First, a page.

Lawmakers on both sides of the Atlantic take aim at Facebook’s Libra cryptocurrency (Micky)
Just hours after the release of its whitepaper, Facebook’s Libra cryptocurrency is already coming under political fire both overseas and in its own backyard.
Speaking to media outlet Europe 1 Tuesday morning, French Finance Minister Bruno Le Maire was adamant that Libra should not be viewed as a replacement for fiat currencies.
“That Facebook creates its own currency, a transaction instrument, why not. In contrast, it is out of the question that it becomes a sovereign currency,” he cautioned.
Of chief concern to Le Maire is making sure that Facebook does not overreach beyond the boundaries of private enterprise.
The “ability to issue securities, build a reserve, and be a lender of last resort” are all “attribute[s] of the sovereignty of the States,” contends Le Maire.
“[They must] remain in the hands of the States and not of the private companies which answer to private interests.”French Finance Minister Bruno Le Maire (Flickr)
Seeking guarantees to ‘protect consumers’
Le Maire also stated that he intends to seek guarantees from the social media giant that, among other things, the Libra cryptocurrency will not be used to finance terrorism or other illegal activities.
Furthermore, he is calling on the governors of the G7 central banks to establish a list of guarantees to be obtained from Facebook.
“We have to make sure that there is no risk for the consumer, it is our role as a state to protect consumers,” he explained.
U.S. to put the kibosh on Libra?
Opposition to Facebook’s Project Libra isn’t just limited to overseas. Trouble is already brewing on Capitol Hill as U.S. lawmakers are calling for Facebook to halt its development of Libra pending a formal hearing.
The Block reports that U.S. Rep. Patrick McHenry, senior Republican on the House Financial Services Committee wrote a letter to Committee Chairwoman U.S. Rep. Maxine Waters requesting a hearing on Project Libra.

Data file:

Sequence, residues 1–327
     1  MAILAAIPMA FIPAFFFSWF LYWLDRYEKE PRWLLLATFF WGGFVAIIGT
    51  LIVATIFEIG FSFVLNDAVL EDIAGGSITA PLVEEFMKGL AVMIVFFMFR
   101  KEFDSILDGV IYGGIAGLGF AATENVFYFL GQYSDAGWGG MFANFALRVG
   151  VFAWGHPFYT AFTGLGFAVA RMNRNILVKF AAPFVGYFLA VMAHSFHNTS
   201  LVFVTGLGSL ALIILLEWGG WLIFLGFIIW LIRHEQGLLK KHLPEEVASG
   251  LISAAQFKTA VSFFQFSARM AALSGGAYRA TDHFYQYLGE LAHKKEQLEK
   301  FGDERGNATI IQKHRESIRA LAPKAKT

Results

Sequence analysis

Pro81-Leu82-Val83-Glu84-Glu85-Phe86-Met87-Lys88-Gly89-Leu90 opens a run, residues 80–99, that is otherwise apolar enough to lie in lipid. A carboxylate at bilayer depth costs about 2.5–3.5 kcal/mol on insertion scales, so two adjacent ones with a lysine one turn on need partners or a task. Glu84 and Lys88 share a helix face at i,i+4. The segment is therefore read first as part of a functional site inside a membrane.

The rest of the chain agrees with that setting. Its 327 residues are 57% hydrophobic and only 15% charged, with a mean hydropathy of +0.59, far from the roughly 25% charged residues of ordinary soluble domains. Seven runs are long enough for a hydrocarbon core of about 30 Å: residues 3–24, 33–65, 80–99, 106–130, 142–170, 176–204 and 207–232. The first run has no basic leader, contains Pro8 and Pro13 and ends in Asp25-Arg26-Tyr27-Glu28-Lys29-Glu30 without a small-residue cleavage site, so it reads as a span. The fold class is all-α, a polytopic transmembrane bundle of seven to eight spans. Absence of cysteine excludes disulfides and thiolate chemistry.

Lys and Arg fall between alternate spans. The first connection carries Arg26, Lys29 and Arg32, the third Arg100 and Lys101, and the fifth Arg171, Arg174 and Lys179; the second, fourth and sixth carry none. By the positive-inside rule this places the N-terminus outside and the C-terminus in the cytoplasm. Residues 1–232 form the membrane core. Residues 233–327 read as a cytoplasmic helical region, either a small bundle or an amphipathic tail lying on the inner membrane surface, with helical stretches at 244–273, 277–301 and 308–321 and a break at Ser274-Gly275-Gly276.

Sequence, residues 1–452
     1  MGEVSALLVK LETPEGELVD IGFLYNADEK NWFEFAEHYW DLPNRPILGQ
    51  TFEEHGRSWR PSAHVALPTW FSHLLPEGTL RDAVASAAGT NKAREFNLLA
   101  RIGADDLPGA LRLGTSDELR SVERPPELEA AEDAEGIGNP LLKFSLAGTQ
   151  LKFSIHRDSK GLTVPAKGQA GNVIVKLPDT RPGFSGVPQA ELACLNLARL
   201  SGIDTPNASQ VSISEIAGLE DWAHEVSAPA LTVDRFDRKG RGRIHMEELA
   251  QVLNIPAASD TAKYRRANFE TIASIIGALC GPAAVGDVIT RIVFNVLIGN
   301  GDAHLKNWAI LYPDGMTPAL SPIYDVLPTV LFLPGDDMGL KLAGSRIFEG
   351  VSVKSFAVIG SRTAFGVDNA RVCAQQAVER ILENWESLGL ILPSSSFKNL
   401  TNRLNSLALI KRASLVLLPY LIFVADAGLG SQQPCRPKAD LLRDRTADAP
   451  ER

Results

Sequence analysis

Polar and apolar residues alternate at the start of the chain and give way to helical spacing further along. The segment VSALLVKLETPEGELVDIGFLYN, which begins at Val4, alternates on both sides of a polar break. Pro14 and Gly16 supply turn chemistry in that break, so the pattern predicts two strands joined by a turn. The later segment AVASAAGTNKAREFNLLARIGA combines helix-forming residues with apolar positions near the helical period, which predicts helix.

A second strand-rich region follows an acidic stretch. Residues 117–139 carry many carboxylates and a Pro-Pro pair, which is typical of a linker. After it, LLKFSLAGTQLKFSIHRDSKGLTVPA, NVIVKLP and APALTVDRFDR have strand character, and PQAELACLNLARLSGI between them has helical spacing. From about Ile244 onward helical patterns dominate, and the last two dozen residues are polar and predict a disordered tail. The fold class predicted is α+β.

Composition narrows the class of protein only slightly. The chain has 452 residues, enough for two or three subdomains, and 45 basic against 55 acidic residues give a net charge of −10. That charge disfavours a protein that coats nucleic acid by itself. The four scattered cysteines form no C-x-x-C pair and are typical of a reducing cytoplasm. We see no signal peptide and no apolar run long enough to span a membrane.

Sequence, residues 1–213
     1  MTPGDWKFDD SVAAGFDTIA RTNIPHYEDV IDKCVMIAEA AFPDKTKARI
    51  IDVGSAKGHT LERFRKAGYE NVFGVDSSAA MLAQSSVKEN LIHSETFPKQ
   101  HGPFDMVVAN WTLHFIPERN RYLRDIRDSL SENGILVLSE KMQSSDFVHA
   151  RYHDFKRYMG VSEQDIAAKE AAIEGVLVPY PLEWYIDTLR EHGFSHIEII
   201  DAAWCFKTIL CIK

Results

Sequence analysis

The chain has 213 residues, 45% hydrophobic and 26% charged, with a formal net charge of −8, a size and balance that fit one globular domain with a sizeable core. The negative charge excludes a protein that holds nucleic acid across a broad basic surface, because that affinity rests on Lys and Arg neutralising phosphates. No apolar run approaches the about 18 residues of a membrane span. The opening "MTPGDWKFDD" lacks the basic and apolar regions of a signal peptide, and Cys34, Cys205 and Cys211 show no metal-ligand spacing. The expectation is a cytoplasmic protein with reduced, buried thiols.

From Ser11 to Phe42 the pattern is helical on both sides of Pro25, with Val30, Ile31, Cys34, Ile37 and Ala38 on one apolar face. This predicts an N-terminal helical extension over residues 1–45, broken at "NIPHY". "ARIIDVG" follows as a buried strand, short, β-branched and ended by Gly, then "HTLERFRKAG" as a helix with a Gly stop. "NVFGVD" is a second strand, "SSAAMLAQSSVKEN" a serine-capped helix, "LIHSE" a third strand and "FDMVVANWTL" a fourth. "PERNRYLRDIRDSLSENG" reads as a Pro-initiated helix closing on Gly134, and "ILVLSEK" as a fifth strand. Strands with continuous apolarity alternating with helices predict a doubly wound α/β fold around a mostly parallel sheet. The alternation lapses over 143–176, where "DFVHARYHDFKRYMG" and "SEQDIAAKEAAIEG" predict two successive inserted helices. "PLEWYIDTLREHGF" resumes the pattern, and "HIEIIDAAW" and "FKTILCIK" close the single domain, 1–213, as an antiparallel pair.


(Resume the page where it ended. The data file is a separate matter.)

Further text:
The letter, dated June 18th, outlines McHenry’s concerns regarding Libra, noting that, “unlike existing digital currencies, Facebook has a worldwide platform and scale that can impact global payments and the digital currency market.”
“We need to go beyond the rumors and speculations and provide a forum to assess this project and its potential unprecedented impact on the global financial system,” he continues.
Citing concern over Facebook’s historical disregard for the security and privacy of its users’ data as well as its continued “unchecked expansion” into people’s lives, Waters has called for Facebook to halt the development of its cryptocurrency.
“Regulators should see this as a wake-up call to get serious about the privacy and national security concerns, cybersecurity risks, and trading risks that are posed by cryptocurrencies,” she writes.
“I am requesting that Facebook agree to a moratorium on any movement forward on developing a cryptocurrency until Congress and regulators have the opportunity to examine these issues and take action.”
Waters is also requesting that Facebook executives appear before the Committee to provide testimony and address Congress’ concerns about Project Libra.
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